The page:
I won't get too much into the details of Antidiscrimination, as that video lays it out very well. But do keep in mind that each Stage of Anti-Progressivism does not invalidate the prior stages. Antidiscrimination may be the Holiest of Principles, but still they violate it whenever it is convenient. They still discriminate when it comes to gender rights movements. SJWs I argue with on facebook almost always discriminate when they make mention of the fact that I'm white, as if it invalidates the arguments I make. They discriminate when they call white student unions racist, while permitting them for every other ethnicity. In general they discriminate every time they choose victim and oppressor identities.

If they universally applied the principle it would be one thing. But Antidiscrimination translates to, "Everything I don't like is caused by discrimination, and nothing I like is discrimination." It's not really a principle because it is entirely subjective and itself subservient to Intersectionality philosophy (which is itself subservient to an identity-based culture war of which the good and evil sides have been determined beforehand).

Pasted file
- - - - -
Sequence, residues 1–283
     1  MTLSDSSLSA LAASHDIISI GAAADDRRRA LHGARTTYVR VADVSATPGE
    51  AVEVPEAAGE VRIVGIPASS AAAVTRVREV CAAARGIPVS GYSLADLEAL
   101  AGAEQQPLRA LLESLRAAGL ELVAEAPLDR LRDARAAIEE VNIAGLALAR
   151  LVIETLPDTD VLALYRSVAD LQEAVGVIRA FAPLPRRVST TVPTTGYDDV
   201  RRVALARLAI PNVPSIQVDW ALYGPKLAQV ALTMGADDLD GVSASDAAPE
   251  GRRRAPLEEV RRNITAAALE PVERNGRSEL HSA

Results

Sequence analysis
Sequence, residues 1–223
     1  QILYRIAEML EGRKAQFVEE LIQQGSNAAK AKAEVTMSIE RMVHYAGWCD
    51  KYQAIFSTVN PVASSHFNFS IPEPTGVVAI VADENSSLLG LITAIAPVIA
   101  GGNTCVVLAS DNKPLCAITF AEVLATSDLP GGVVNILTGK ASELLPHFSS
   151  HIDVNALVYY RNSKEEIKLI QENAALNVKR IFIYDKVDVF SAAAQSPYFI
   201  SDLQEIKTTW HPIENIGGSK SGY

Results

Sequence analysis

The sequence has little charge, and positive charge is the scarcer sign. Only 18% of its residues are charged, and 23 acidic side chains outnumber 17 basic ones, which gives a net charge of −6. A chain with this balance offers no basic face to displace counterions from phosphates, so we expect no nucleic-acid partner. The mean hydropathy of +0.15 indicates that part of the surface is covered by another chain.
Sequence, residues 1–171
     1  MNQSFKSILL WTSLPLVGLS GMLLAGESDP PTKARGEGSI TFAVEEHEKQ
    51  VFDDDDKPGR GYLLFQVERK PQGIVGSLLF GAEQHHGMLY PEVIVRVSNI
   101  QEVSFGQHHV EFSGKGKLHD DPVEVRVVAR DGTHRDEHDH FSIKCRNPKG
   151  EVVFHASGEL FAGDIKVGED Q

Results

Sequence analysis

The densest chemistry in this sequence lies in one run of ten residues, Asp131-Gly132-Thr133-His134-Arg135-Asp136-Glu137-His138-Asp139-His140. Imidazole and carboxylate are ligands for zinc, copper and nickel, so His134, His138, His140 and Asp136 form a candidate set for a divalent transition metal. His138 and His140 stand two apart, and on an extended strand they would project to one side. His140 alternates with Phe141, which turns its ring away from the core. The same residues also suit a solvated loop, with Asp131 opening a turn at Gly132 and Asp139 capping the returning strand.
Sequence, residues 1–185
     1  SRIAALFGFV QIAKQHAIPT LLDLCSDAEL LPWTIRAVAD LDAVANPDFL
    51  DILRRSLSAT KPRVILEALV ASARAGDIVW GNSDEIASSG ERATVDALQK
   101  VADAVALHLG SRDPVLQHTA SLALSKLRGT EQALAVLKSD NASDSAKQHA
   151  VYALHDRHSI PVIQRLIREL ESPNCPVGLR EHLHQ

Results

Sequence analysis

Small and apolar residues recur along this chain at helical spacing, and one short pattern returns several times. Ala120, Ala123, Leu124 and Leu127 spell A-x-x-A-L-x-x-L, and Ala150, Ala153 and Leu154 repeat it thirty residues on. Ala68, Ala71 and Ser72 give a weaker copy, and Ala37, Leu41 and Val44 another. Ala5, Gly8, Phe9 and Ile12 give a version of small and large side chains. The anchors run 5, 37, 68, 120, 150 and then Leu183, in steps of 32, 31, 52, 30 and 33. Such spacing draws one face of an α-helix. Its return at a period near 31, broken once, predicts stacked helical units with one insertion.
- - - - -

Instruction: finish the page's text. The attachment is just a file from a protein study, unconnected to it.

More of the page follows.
Moving beyond Hypocrisy

My major reason for writing is to encourage others in the right and alt-right to move beyond hypocrisy. You can point out the hypocrisy of the left all day long. Frankly at this point it doesn't matter. People on the left are largely immune to these logical arguments. If pointing out their hypocrisy was effective it would have worked already. The battle is always for the middle, and I'm not sure how effective it is either. When people on forums such the r/the_donald announce they're changing sides, abandoning liberalism, it is almost never, "I read some compelling logic that changed my mind." It is more like "the left has started doing things that completely disgust me." It is always an emotional decision first, rationale comes after.

Thus pointing out leftist hypocrisy may serve no purpose other than its therapeutic value to those of us so disturbed by them. I'm not sure it gets us anywhere. If our goal is to convert those in the center, we will get more success from antagonizing the left, to make them even more extreme. Keep calm and fan the flames of their insanity.